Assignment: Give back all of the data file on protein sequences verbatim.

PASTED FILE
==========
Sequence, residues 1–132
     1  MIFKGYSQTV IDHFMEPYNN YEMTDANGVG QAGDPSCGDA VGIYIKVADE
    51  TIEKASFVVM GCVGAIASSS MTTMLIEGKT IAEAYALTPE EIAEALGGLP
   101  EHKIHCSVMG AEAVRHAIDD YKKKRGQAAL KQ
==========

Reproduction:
Sequence, residues 1–132
     1  MIFKGYSQTV IDHFMEPYNN YEMTDANGVG QAGDPSCGDA VGIYIKVADE
    51  TIEKASFVVM GCVGAIASSS MTTMLIEGKT IAEAYALTPE EIAEALGGLP
   101  EHKIHCSVMG AEAVRHAIDD YKKKRGQAAL KQ